|Asher B. Edelman|
Asher Edelman, 1993, by Erling Mandelmann.
November 26, 1939 |
New York City
|Occupation||Investor, art collector|
Asher Barry Edelman (born November 26, 1939) is an American financier.
The son of a New York real estate investor, Edelman graduated from Bard College. In 1961, he worked for Sanford I. Weill at Carter Berlind Potoma & Weill where he focused on purchasing and turning around distressed companies. He founded Mack, Bushnell & Edelman in 1969, and served as CEO. Edelman’s Wall Street businesses included investment banking, money management, and derivatives trading. In 1988, he taught a course called "Corporate Raiding – The Art of War" at Columbia Business School, using as his textbook Sun Tzu's The Art of War. The character of Gordon Gekko in Wall Street was based in part on Edelman.
In 1988, he moved to Switzerland and founded a contemporary art museum in Pully, near Lausanne. The FAE Musée d'Art Contemporain launched the first European retrospective exhibitions of Robert Mapplethorpe, Jean-Michel Basquiat, Roy Lichtenstein, and Peter Halley. It also was the first venue for “Post Human” an exhibition co-curated by Chantal Prod’hom of the FAE and Jeffrey Deitch.
In 2002, he created the company Edelman Arts Inc, a dealer in Impressionism through Post War art, which also represents contemporary artists including Doug Argue, Yasmine Chatila, Cathy McClure and Christopher Winter.
In 2014, he launched Artemus, an art leasing business. Artemus buys art from owners and then leases it back, typically for seven years. The other shareholders in Artemus are the Durst Corporation and Armory Merchant Holdings.
Edelman has served on many Boards of Trustees of art and educational institutions including past Chairman of the Board of Brooklyn Academy of Music, Vice Chairman of American Ballet Theatre, Vice Chairman of the Alvin Ailey Dance Theater, Chairman of the Karole Armitage Dance Group, board member of the Prix de Lausanne, Gotham Chamber Opera, and many others. He presently serves on the boards of The Studio School and Bard College.
In 2007 Edelman loaned Courier 1, a painting by American painter Robert Ryman, to the Swiss-based Galerie Gmurzynska for exhibition at Art Basel Miami Beach. After its return the painting was sent to a dealer in New York for consignment, but was found to be damaged. According to Edelman the painting had a "big gouge" which rendered the artwork "a total loss". The painting had been insured for $750,000 with Edelman’s insurer, XL Specialty Insurance. Edelman claimed that the Gmurzynska had disputed the case and had instructed its own insurer not to pay. XL Specialty Insurance made Edelman its assignee, and he then sued the gallery for $750,000 plus a further $250,000 for “willful conduct of defendant” and “reprehensible motives and such wanton dishonesty as to imply a criminal indifference to civil obligations.” In October 2009 a New York district court awarded a judgement of $767,438 against the gallery. Using a writ of execution for an unanswered lawsuit Edelman arranged for the US Marshals Service to confiscate some of the gallery's works at the opening of the Art Basel Miami Beach fair. Marshals removed four paintings which Edelman valued at $6 million. The gallery denied instructing its insurer to withhold payment and claimed that they had no knowledge of the judgement; they paid up and the paintings were returned to the stand.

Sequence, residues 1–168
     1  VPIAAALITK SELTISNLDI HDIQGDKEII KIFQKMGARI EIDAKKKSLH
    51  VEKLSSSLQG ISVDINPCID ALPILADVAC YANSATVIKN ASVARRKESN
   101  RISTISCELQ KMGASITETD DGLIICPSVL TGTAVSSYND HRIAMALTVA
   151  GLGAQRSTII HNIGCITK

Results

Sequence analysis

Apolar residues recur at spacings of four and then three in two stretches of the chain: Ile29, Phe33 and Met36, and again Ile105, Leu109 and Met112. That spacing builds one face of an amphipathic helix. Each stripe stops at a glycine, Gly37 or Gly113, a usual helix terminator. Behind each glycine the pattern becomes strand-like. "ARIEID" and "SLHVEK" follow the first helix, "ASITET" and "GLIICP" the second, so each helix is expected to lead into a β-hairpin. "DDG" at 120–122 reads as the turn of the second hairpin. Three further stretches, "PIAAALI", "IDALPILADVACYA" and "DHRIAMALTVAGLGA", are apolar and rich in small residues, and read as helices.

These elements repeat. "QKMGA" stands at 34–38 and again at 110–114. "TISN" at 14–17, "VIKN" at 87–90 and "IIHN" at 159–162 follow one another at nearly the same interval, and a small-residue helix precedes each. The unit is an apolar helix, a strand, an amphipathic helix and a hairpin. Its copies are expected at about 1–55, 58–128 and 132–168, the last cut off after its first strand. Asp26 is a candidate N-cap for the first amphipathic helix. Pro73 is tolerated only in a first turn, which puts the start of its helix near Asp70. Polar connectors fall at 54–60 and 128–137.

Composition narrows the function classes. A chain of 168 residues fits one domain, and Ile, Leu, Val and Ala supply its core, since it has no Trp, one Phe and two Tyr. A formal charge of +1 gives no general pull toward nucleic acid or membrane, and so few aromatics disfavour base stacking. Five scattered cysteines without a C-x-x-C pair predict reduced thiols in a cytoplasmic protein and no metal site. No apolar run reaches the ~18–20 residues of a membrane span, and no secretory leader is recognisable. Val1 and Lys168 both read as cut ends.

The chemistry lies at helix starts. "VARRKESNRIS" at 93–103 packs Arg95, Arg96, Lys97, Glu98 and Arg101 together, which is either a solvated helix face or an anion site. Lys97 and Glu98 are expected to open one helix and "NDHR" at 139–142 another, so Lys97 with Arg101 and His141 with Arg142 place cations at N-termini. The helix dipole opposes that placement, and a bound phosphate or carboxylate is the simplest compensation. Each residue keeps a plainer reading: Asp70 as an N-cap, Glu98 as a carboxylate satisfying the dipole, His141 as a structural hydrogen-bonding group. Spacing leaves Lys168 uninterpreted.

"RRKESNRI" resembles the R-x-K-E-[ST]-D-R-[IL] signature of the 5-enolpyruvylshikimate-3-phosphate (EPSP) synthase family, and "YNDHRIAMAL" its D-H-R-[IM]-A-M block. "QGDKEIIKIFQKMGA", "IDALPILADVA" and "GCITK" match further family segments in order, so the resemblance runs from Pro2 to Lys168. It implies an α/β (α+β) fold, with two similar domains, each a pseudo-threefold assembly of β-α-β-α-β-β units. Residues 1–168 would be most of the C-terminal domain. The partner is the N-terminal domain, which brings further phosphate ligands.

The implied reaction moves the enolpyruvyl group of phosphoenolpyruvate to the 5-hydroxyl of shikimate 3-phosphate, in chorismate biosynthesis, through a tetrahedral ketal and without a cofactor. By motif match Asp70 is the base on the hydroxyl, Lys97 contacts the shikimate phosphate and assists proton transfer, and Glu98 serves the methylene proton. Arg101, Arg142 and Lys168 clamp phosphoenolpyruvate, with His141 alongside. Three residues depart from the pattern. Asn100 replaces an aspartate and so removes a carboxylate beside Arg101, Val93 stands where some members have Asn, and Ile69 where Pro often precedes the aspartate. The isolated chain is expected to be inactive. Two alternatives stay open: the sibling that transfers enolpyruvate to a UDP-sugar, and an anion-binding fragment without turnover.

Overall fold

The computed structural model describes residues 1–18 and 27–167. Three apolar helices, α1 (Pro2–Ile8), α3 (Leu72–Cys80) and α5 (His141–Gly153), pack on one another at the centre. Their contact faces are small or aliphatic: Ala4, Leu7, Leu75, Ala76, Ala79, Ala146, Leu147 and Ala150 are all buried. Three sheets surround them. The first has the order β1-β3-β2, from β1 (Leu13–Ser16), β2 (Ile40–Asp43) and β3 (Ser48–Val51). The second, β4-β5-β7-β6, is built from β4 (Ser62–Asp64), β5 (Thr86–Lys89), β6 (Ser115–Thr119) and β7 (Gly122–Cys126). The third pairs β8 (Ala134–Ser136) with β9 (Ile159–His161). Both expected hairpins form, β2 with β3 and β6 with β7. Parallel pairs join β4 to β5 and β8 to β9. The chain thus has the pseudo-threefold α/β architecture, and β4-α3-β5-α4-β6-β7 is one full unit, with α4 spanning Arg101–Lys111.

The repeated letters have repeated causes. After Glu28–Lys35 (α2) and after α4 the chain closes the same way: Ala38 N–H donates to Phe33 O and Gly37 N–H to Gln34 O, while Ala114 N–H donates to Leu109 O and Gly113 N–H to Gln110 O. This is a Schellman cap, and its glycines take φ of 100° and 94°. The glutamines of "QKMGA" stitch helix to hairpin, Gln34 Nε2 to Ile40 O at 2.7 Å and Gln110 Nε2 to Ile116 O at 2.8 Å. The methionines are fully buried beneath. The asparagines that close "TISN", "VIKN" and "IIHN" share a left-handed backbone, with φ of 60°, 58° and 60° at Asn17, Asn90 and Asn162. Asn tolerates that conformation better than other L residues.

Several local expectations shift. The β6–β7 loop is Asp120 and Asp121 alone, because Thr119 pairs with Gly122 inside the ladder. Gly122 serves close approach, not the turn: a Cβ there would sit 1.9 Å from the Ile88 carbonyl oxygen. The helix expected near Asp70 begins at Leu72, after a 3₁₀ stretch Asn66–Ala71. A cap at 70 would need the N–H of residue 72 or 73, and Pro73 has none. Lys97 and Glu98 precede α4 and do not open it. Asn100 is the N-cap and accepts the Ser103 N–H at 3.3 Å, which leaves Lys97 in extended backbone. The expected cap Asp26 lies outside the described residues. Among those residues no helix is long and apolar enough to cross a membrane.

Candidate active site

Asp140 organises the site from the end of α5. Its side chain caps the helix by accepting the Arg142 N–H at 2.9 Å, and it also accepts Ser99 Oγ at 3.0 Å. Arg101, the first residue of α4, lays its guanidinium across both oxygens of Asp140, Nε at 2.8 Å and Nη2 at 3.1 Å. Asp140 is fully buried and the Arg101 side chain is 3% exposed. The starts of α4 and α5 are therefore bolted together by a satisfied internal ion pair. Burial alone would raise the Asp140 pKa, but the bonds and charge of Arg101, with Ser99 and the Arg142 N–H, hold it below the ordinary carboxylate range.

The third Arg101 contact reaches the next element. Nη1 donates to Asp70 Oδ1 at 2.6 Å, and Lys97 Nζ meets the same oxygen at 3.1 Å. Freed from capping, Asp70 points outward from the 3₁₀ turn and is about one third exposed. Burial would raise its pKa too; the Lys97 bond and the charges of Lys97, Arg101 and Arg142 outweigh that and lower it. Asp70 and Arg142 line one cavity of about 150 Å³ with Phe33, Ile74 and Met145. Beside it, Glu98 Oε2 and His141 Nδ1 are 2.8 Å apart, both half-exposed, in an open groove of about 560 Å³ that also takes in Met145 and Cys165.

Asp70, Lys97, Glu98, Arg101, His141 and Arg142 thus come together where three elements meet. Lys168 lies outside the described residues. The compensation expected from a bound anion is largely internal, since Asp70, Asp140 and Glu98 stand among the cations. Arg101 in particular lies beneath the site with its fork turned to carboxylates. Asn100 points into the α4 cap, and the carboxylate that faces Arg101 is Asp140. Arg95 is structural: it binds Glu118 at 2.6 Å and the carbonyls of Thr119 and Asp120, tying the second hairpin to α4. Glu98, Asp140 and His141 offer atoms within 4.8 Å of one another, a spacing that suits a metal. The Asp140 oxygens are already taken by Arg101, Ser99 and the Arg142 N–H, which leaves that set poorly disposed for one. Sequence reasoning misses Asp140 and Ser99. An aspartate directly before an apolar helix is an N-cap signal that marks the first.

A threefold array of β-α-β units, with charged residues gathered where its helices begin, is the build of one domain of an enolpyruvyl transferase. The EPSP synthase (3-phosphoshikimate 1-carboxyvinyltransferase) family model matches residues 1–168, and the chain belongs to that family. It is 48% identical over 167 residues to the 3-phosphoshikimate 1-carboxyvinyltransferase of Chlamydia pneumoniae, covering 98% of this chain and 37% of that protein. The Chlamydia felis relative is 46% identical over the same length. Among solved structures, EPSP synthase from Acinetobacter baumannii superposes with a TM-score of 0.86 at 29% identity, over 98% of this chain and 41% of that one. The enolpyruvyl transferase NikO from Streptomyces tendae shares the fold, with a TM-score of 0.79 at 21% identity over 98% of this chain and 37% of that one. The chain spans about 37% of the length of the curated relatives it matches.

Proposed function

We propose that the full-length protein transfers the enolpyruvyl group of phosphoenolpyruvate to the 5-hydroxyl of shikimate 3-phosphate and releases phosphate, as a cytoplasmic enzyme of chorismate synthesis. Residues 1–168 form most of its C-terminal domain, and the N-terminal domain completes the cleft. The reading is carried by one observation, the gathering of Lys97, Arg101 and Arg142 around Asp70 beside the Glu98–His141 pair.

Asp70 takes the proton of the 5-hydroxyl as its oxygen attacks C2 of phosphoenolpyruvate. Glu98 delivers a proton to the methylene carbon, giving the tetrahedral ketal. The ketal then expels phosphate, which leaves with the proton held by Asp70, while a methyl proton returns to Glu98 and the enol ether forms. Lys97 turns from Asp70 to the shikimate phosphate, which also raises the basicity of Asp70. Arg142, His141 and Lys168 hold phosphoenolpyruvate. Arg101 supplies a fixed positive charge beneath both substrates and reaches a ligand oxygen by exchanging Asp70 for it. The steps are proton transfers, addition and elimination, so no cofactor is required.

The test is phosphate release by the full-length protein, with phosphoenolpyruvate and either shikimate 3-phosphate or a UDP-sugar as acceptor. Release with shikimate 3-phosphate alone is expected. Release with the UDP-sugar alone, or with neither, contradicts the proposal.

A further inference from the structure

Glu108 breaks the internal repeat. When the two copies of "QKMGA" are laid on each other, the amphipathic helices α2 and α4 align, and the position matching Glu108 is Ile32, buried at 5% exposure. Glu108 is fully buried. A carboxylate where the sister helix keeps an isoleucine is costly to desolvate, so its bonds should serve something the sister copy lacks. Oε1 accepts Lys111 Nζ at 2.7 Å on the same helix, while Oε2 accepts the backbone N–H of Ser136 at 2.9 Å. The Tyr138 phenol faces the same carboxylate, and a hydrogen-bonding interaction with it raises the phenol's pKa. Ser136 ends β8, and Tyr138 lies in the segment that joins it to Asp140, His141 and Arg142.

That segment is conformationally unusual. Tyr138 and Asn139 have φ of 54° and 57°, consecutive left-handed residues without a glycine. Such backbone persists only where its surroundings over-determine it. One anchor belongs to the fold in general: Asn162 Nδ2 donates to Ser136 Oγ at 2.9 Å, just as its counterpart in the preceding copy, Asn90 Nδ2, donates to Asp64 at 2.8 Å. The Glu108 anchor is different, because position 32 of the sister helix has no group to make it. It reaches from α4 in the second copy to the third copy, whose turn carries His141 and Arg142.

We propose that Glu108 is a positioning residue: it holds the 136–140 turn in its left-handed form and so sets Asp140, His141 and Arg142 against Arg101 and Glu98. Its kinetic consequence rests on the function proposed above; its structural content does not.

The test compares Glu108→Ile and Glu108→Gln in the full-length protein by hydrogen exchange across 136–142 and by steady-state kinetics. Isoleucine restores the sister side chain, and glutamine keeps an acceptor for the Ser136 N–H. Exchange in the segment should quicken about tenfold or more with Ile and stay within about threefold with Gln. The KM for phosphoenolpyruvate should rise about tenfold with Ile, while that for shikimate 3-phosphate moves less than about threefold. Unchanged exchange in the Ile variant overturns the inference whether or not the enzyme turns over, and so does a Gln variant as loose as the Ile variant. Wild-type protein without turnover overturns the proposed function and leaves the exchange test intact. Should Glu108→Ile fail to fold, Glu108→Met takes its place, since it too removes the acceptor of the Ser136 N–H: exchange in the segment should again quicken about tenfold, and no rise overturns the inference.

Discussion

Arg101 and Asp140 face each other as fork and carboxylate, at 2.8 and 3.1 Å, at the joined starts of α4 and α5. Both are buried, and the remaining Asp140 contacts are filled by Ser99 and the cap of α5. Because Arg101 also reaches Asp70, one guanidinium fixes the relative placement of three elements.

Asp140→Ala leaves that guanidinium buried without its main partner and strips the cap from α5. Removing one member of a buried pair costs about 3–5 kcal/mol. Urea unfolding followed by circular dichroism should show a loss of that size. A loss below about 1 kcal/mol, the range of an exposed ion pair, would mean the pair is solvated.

In 2010 Edelman was sued by Emigrant Savings Bank over $3 million of loans. Collateral on the loans included a sculpture by Alberto Giacometti, Torse de Femme. Edelmann sold the sculpture and paid the debt plus $1.1 million in court judgements. He then sued Emigrant for fraud.
In February 2014 Edelman's company ArtAssure sued the Swiss company Artmentum for breach of contract and allegedly fraudulent representations. ArtAssure were offered a collection of over 100 paintings from the 19th and 20th centuries, supposed to have been in the ownership of Hiroshima Bank of Japan, at a discounted price of €350 million. The sale was contingent on the purchase being made through Artmentum for confidentiality. After several months of negotiations, Artmentum failed to provide evidence that they were authorised to sell the collection. The claim for $204 million was brought before a judge in a New York court. The claim was dismissed on the grounds that Artmentum was a Swiss company, with few commercial activities in the US, and therefore the case was outside the jurisdiction of the court.
Edelman has been married four times.
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